News Australian Health Minister supports coronavirus ‘breakthrough’ drug

Australian Health Minister supports coronavirus ‘breakthrough’ drug

The steroid dexamethasone is being used to treat severely ill COVID-19 patients. Photo: AAP
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An anti-inflammation drug that has been successfully used to treat severe COVID-19 infections in the UK is likely to be used by doctors in Australia.

Federal Health Minister Greg Hunt was briefed on the findings by Oxford University scientists by the nation’s Chief Medical Officer Brendan Murphy on Tuesday night.

“It’s not going to prevent you getting it, it’s not going to cure it, but the early but high-quality evidence out of UK is that people who are very, very sick, it gives them a much better chance of survival,” he told Sydney radio 2GB on Thursday.

The UK reported this week trials showed dexamethasone – a drug used to reduce inflammation in other diseases such as arthritis – reduced death rates among the most severely ill coronavirus patients by around 35 per cent.

The widely available drug, worth about $10 over the pharmacy counter in Australia, could be used to treat the three coronavirus patients in Australia in intensive care. Two are on ventilators.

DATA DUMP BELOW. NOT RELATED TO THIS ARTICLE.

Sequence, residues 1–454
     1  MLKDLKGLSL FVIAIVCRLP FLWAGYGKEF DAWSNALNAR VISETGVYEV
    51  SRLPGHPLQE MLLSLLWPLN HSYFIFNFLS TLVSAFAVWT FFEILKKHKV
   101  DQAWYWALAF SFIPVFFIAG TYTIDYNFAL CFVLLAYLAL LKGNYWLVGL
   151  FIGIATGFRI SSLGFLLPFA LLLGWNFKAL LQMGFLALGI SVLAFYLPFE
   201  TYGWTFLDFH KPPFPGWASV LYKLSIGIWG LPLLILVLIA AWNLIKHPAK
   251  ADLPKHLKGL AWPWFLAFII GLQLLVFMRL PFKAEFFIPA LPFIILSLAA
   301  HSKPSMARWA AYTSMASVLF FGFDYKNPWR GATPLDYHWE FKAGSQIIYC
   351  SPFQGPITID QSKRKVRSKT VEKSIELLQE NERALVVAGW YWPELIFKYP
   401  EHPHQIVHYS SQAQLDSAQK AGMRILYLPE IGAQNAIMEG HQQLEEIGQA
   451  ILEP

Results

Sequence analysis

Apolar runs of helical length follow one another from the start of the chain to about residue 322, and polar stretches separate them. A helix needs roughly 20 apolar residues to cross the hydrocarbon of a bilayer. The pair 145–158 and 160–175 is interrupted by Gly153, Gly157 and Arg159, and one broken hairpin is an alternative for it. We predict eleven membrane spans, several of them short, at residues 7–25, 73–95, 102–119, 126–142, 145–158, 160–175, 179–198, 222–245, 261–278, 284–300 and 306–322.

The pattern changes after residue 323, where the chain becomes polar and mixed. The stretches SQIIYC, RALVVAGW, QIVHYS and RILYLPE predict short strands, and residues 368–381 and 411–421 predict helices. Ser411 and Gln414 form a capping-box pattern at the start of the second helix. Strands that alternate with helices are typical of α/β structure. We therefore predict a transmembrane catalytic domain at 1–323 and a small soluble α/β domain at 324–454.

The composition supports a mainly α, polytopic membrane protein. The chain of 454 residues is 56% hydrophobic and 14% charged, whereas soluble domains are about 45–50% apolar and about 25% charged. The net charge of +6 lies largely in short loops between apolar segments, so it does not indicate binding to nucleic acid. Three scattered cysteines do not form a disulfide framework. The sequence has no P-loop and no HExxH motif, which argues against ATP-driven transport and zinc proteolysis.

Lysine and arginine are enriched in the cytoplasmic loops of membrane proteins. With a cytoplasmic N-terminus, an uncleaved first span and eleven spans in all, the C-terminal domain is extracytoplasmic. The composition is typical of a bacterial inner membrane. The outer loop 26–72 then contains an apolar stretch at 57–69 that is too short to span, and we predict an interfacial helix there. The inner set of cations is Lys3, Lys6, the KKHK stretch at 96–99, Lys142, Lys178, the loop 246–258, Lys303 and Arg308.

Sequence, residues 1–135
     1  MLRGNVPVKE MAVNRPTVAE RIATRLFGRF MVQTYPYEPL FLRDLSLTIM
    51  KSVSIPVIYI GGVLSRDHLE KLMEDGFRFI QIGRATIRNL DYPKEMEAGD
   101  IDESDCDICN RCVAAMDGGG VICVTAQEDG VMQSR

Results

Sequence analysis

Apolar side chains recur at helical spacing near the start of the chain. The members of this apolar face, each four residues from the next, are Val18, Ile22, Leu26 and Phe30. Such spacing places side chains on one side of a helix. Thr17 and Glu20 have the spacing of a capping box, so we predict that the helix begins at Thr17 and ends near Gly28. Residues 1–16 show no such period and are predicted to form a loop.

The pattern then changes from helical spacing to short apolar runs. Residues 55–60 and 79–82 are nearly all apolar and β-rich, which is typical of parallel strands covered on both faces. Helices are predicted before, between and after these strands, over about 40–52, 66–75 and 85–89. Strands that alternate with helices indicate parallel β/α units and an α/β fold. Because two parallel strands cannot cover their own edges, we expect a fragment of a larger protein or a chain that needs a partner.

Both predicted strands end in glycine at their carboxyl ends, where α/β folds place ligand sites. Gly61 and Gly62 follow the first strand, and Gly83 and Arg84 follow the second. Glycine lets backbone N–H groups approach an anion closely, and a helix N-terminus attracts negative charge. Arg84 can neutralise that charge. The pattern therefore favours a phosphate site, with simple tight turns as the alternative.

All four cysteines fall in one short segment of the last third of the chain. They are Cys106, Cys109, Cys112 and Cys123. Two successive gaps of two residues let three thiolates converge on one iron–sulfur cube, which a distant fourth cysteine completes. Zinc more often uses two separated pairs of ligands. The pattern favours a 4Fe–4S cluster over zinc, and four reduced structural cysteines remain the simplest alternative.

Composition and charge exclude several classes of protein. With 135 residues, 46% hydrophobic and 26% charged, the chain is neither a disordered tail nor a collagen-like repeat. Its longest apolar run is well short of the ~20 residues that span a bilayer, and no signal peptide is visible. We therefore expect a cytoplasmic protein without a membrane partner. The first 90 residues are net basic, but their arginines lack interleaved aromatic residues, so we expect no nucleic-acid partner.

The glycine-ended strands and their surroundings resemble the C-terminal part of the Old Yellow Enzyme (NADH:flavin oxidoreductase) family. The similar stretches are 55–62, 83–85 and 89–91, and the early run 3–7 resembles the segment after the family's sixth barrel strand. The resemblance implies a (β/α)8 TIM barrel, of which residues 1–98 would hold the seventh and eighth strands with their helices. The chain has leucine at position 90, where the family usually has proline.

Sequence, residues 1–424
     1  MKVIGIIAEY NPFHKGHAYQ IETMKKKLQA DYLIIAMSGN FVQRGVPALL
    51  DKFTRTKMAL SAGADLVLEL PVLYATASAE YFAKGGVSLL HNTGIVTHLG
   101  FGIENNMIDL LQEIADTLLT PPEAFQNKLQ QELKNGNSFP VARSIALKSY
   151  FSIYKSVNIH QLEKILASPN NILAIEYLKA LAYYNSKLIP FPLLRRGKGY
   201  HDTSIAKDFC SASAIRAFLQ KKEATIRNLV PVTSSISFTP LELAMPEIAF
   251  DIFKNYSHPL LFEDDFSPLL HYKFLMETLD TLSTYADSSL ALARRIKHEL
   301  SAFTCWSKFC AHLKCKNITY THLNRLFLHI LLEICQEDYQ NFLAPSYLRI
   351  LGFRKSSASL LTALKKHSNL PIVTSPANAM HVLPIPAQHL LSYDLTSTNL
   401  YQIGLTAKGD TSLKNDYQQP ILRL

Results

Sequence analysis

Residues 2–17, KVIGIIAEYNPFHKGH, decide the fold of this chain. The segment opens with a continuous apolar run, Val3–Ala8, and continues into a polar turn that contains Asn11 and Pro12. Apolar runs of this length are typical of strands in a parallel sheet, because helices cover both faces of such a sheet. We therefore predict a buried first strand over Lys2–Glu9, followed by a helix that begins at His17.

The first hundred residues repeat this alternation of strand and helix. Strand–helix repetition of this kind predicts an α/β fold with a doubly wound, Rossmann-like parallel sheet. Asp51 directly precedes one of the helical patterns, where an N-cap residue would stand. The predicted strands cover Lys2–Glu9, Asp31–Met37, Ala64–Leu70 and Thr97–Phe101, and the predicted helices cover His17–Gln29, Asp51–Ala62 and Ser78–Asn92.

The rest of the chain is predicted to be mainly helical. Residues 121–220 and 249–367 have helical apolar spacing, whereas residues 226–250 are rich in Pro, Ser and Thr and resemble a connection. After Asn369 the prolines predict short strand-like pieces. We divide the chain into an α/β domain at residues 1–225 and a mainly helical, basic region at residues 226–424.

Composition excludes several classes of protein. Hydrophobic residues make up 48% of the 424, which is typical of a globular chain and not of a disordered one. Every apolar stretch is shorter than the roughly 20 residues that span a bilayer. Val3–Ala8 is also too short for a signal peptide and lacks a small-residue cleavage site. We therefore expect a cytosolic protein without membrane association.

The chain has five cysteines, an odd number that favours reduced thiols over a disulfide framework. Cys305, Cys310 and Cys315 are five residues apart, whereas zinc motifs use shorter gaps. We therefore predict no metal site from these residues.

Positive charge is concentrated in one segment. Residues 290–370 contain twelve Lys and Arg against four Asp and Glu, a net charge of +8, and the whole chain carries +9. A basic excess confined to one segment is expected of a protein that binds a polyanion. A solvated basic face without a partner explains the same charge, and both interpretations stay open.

“We’re very concerned for them,” Mr Hunt said.

“We know we now have an option for the doctors in intensive care to consider. There are no barriers to them using it.”

Meanwhile, Australia’s Chief Nursing and Midwifery Officer Alison McMillan has reinforced the need to contain coronavirus through social distancing and good hygiene.

“We must remember that even if a treatment has been found … that does not in any way detract from the need for us to continue to prevent the spread across Australia,” she said on Wednesday.

There were 23 new cases recorded across Australia on Wednesday, taking the national infection tally to 7370.

Almost all were in Victoria, which had its largest daily spike in a month with 21 new cases including several from community clusters.

Ms McMillan said it was to be expected there would be small outbreaks and Victoria had done well to contain them quickly.

“We need people if they’ve got symptoms to quickly get tested and therefore we can then get in contact … and we can contain those outbreaks to small numbers,” she said.